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A Tale of Three Castles

It’s hard to discuss Dungeons and Dragons as a game without hearing the name Tolkien. It’s like a special case of Godwin’s Law, except that Tolkien is generally well-regarded by the people making the comparisons. Worlds full of wizards, dragons, dwarves, and elves tend to be given the label Tolkienesque. It’s not wrong, but it doesn’t tell the whole story. The elven alphabet in the illustrations in your official D&D rule books might look like it comes from Middle Earth, but the game certainly did not start there. It started in two castles: Greyhawk and Blackmoor.

These two castles were the settings for the first fantasy roleplaying games that lead to the development of the first edition of Dungeons and Dragons. David M. Ewalt, whose book Of Dice and Men I mentioned last week, tells us the history of how two wargaming enthusiasts created the first settings for fantasy story-driven roleplaying games. This was a radical departure from the traditional wargaming settings, which tended to focus on American military history from the revolutionary war, to Civil War conflicts between the union and the confederacy, to World War 2 battles between allies and the axis. And there we have it, a reference to the Nazis. Thanks, Godwin.

The third castle I allude to is one that never inspired thousands upon thousands of games. Castle Stirling is the one I cobbled together for the second campaign I ran in 4th edition Dungeons and Dragons. As I read the histories of Greyhawk and Blackmoor in Of Dice and Men, I smiled and felt proud of myself. It’s not often I feel like I can compare myself to the legendary fathers of D&D, but in a small way, I can here. These settings, unlike Middle Earth, were not created for the sake of a linear plot. They were designed for play. That is what Stirling has in common with Greyhawk and Blackmoor. I didn’t start with a place and make a game of it; I did some research so that the outline of the castle would make sense, then designed a series of encounters (combat and otherwise), then detailed the castle to accommodate the game.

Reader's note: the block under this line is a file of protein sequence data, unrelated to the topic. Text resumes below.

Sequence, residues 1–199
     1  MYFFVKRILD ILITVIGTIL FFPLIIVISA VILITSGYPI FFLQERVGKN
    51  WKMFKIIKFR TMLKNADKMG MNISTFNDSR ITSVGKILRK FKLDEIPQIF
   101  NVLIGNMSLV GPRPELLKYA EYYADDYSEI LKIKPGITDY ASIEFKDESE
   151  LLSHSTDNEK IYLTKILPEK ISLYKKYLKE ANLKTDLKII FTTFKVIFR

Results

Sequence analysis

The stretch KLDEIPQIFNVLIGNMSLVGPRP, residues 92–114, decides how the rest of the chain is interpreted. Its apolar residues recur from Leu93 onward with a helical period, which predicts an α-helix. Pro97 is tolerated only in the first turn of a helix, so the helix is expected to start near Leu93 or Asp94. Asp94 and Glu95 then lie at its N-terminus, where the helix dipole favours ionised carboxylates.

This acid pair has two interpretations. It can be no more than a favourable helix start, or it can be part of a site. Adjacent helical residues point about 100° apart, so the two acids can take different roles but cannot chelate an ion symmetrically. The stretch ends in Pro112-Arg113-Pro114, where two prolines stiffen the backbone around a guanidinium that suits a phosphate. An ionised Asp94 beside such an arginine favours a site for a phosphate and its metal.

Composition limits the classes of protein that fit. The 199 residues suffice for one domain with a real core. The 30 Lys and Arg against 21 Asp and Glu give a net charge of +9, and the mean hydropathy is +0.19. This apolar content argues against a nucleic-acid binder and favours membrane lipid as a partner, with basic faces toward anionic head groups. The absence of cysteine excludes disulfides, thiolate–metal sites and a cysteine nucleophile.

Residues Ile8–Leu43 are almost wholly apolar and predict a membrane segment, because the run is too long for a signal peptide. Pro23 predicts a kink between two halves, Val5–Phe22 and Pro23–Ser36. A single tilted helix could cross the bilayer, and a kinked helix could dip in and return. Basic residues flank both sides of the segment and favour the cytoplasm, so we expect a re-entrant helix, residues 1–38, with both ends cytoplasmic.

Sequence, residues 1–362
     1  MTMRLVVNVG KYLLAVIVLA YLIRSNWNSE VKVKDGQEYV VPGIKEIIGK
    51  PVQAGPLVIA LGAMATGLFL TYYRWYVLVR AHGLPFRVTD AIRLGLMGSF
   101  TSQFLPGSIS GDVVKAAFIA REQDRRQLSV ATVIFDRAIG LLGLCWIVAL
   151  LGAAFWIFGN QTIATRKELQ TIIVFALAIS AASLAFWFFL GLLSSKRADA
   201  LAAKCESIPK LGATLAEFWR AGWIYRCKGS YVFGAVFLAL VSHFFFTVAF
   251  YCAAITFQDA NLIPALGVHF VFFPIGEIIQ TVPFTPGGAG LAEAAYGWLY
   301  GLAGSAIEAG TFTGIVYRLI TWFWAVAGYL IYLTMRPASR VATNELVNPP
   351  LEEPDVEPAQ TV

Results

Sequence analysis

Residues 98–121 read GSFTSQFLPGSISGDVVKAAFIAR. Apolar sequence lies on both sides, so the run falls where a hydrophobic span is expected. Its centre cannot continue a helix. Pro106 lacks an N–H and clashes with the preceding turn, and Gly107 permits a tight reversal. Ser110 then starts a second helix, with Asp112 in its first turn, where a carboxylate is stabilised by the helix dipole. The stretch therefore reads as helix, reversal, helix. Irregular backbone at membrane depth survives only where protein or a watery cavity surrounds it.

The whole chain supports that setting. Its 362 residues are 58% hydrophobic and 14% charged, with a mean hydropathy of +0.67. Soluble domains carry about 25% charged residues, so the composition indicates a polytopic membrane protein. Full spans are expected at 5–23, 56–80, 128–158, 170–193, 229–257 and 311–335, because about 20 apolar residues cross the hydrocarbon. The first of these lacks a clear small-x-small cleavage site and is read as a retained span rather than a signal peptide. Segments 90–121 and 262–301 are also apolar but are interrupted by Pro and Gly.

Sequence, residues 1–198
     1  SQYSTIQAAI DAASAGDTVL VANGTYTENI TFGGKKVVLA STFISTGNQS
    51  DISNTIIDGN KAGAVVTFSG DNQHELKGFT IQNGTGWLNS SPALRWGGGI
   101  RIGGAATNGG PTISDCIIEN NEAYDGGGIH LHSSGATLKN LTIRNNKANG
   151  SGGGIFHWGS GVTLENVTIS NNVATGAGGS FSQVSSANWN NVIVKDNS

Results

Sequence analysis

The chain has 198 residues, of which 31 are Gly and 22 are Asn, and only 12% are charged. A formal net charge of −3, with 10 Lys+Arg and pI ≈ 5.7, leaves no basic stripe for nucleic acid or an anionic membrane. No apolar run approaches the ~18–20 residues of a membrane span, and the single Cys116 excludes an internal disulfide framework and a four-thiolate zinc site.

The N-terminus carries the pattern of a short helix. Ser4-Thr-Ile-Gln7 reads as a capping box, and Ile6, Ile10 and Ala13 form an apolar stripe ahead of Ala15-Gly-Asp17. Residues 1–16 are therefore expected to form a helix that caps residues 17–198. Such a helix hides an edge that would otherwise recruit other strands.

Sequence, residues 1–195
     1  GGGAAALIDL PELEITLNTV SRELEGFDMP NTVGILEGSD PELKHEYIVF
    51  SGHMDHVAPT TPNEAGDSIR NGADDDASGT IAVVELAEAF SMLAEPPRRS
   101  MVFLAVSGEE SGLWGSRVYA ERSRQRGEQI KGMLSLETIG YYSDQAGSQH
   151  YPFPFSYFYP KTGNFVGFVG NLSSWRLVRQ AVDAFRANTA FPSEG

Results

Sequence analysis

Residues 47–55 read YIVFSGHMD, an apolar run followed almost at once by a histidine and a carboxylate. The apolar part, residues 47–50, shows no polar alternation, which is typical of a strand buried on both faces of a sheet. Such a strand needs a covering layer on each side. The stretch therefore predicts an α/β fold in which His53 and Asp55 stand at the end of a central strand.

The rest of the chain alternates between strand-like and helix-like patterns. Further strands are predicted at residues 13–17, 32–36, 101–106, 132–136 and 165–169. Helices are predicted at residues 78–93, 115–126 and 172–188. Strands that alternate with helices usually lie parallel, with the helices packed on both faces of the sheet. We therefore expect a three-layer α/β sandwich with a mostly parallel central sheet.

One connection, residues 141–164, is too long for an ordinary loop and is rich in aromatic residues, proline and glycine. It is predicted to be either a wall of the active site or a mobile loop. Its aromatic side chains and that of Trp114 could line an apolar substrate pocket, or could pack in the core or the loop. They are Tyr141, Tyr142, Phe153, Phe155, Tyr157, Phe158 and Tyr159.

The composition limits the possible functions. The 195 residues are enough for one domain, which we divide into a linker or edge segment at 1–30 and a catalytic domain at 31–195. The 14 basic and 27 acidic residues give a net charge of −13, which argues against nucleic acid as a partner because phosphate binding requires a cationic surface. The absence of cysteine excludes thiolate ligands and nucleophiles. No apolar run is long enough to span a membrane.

The process for outlining Castle Stirling was deliberately anachronistic: I got on a bicycle, rode to a public library with a notebook, looked up some books on castles, and drew some rough diagrams by hand. This might not sound novel to people who have been doing this since they were teenagers in the 1980s or 1990s, but I was a twenty-something working in the late 2000s it was already in the age of Wikipedia and vast repositories of professionally designed D&D modules, and I could have driven my own vehicle if I wanted to. But I wanted to see if I could tap into the excitement with which men of my dad’s generation recall their AD&D adventures. That meant I needed a memorable setting in which legends can be forged, itself born of creativity rather than consumption. While I did do a little bit of homebrew in my first campaign, Castle Stirling was part of my first attempt to create a truly engaging setting rather that linking published modules together into a longer campaign.

Tales of adventure may start in taverns, but sooner or later, they lead to castles.